Imagine two cows: One tall and lean looking with narrow flanks, and the other short legged, with an enormous gut and girth.
Most ranchers would be quick to put the first one on the cull truck in fall, and the other out with the bull on pasture for next year.
But appearances can be deceiving.
Under residual feed intake (RFI) testing, it was found that the ugly cow ate six pounds of feed less per day than the herd average, and her swell-looking friend ate six pounds more. What’s more, the ugly cow weaned a heavier calf.
That means choosing cattle based on preconceived notions of “pretty” instead of scientific data could be costing the rancher $60 more each year in feed, said Tod Wallace, a MAFRI beef extension specialist and proponent of RFI testing, a measure of a cow’s actual feed consumption against a baseline average using a computerized data logging system.
“We always tend to focus on the things that we can control in the cattle business,” said Wallace, who gave an RFI testing update at the recent Farm Focus event in Boissevain.
“Cost of production is one thing that we can control. We know that the highest percentage of our costs in our beef operations are associated with feed, bedding and pasture. If we can make those girls more efficient, it’s going to put more dollars in our pockets.”
Wallace, who also runs a 5,000-acre, 500-head cattle operation near Oak Lake, said efforts to make RFI technology available to more Manitoba producers have been ongoing since late 2009.
One proposal called for the installation of GrowSafe technology used for RFI testing at the Douglas Bull Test Station, said Wallace, who managed the operation in the 1990s. A decision has yet to be made, he added.
GrowSafe, first developed in the early 1990s, is now widely used in Alberta and the United States. It consists of feed tubs with computerized weigh scales linked to a computer that logs each animal’s intake using RFID tag info.
Whenever an animal sticks its head into the bunk to eat, the scale takes a measure of how much feed was eaten and the computer records the information along with tag data.
A similar device can be installed over an existing water bowl. When the cattle step onto a platform to drink, their front quarters are weighed and a mathematical formula is used to calculate their entire body weight to within 10 pounds.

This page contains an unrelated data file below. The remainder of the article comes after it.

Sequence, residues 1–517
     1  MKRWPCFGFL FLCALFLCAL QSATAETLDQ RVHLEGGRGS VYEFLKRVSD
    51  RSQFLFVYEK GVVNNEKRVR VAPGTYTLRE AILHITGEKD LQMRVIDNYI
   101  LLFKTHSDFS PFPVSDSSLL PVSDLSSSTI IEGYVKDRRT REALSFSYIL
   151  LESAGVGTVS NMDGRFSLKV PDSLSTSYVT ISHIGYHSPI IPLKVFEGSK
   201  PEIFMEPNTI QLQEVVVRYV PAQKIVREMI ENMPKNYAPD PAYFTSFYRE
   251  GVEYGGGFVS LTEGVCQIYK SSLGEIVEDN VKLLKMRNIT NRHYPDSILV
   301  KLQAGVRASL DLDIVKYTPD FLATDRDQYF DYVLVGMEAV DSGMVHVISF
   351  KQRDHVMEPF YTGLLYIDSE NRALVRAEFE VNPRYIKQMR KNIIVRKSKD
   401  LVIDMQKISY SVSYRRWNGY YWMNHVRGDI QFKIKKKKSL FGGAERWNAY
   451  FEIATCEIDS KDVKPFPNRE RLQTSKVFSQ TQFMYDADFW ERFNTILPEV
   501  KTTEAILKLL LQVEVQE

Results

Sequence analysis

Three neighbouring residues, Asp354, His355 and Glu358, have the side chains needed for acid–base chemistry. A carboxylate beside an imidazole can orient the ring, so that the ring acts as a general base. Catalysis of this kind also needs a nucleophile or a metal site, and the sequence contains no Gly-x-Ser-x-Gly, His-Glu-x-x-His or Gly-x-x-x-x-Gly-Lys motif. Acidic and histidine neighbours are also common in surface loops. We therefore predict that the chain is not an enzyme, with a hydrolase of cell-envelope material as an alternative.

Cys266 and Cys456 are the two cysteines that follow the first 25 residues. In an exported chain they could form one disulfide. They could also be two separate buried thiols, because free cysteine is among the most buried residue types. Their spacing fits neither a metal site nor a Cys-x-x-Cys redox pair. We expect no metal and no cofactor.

Some feedlots have even attached a spray paint marker to tag animals as they reach market weight. Pen riders then go out and round up the “blue faces” and ship them to market.
For a feedlot, it can detect a sick animal as early as four days before it shows symptoms, just by computer modelling of weight gain, feed and water intake.
A “node” of GrowSafe bunks has been installed at the Glenlea research station, but Wallace believes bringing the technology, which costs about $100,000 for a basic system, to Douglas would give the average rancher better access to it.
“To put it in perspective, once the infrastructure is in place, it costs about $1 per head per day, or $70 per animal,” he said. “That’s pretty reasonable to get the technology and the data.”
At the beef research centre in Lacombe, Alta., a study of 96 British bulls found that group of animals could be divided into thirds: One-third were “easy keepers,” another third were average feed consumers, and the rest were “eating for fun, and wasting your money.”
That’s of interest because a positive RFI trait is “moderately inheritable” in new offspring, and could over time, be used to improve a herd’s feed efficiency.
Selecting for the trait isn’t offset by maternal or performance trait losses, he added. Research since 1990 shows there is also no effect on average daily gains and animal size. Carcass fat, however, may show a two to five per cent reduction.
Methane emissions were nine to 12 per cent lower, and residual nutrients N, P, K in the manure were down by 15 to 17 per cent in low RFI animals.
A study in Illinois found that a low RFI bull of -1, or -2 after 10 calf crops, offered $7,000 in feed savings, said Wallace.
Those sorts of findings have made RFI testing popular in Alberta. Wallace said about 3,700 head were tested on the typical 70-day trial at both research and commercial facilities.
If a GrowSafe system was installed at Douglas, ranchers could bring their bred heifers for testing and find out right away which ones were the most efficient.
“Life’s too short. I want efficient cows now,” said Wallace. daniel. [email protected]
– TOD WALLACE